KraussMaffei’s Innovative Lignin-PLA Blend

Together with the Polish member of the Cypriot Synergy Horizon Group, KraussMaffei Extrusion GmbH, Laatzen, Germany, has now developed a process for producing a 100% bio-based reinforced thermoplastic: lignin-reinforced PLA.

Lars Darnedde, process engineering development and project manager at KraussMaffei Extrusion, commented:
“With our compounding expertise and our project partner’s unique knowledge of lignin preparation, we have succeeded in incorporating up to 30% lignin into the PLA matrix and producing a compound with natural antioxidant capacity/activity, enhanced mechanical properties, and controlled biodegradability,”

With a focus on hydrolysis lignin valorisation, the Synergy Horizon group of companies transforms lignin, a biopolymer often discarded as a by-product of the bioethanol industry, into valuable products for various applications. Their strong competencies involve lignin purification, its chemical modification and functionalisation. They offer lignin-derived products for various applications, such as oil and gas extraction, battery production, water treatment, animal feed, etc.

From Waste Product to Filler

The group member, Synergy Horizon Poland Sp. z o.o. has also recently developed a process at its Polish site in Poznan to produce free-flowing lignin powder that can be metered into the extruder as a filler. Lignin is a 100% natural substance that is second to cellulose, the most abundant organic material on Earth. Lignin can be extracted from lignocellulosic biomass by various methods.

One of these methods is biomass hydrolysis for bioethanol production, which generates hydrolysis lignin as a byproduct. Hydrolysis lignins have unique properties that make them stand out from other types of lignin. Around 50 million tons of lignin, including hydrolysis lignin, are produced annually worldwide as a waste product from wood processing in the paper and bioethanol industries, 98% of which is incinerated. Various research projects have already dealt with the valuable renewable bioresource, but its use as a filler in a biopolymer matrix is so far unique.

“However, processing hydrolysis lignin is not an easy task,” knows Alexander Gonchar, the head of research and development at Synergy Horizon, and is proud of the fact that, thanks to intensive development work, his company now operates a commercial production line for manufacturing lignin powder.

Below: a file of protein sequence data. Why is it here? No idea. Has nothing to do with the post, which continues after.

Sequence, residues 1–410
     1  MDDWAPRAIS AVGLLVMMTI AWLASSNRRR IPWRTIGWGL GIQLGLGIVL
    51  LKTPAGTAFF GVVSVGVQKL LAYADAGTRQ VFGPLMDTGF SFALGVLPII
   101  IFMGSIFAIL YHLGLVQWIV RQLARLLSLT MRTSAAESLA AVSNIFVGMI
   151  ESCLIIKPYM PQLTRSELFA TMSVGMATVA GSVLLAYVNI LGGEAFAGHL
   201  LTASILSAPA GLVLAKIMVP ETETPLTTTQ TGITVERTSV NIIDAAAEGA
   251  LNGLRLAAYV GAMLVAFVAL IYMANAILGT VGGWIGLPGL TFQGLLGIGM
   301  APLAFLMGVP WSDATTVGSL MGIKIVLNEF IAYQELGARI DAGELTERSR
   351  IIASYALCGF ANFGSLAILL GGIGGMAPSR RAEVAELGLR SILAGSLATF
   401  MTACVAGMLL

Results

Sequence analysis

Successful Process Optimisation: KraussMaffei Integrates up to 30% Lignin into PLA Matrix

KraussMaffei has demonstrated incorporating natural raw material into the PLA matrix in its newly established technical centre at the Laatzen site. The laboratory extruder, a ZE Blue Power 28, and the small ZE Blue Power 42 production compounder incorporated up to 30% lignin.

Lars Darnedde gives an insight into the process configuration.
“We have specially adapted the screw configuration to the lignin with heavy-sensitive mixing elements, operate at a low temperature of 160°C maximum, and use both a 6 D-long filling zone and side degassing,” 

The ZE BluePower generation, with its optimum Da/di of 1.65, offers all these possibilities “out of the box”. It is thus ideally suited for processing these shear- and temperature-sensitive polymers.

The fact that the process arrangement of the compounding extruder and the preparation of the lignin at Synergy Horizon is perfect has also been confirmed by extensive mechanical tests. Compared to pure PLA, the lignin reinforcement increases flexural and tensile modulus by around 30%. It could be helpful in packaging applications where the material needs to be stiff enough to hold its shape under load. Another advantage is that lignin adds sufficient antioxidant capacity that can help, particularly in food packaging applications, to prevent oxidation of the food and maintain its quality and safety by inhibiting the radical oxidation and preventing the formation of off-flavours, odours or toxic compounds. Moreover, the biocompound with lignin has no odor unlike other lignin, making it more suitable for food packaging.

A novel bicompound that exhibits antioxidant properties could be applied to biodegradable plastics such as mulch films for agricultural purposes to protect them from oxidative degradation.

Unlike pure PLA, which has limited biodegradability due to its dependence on specific enzymes and industrial conditions, PLA biocompounds containing lignin exhibit enhanced biodegradation properties with a more than 90% biodegradation rate in 99 days.

Read more news from KraussMaffei here.

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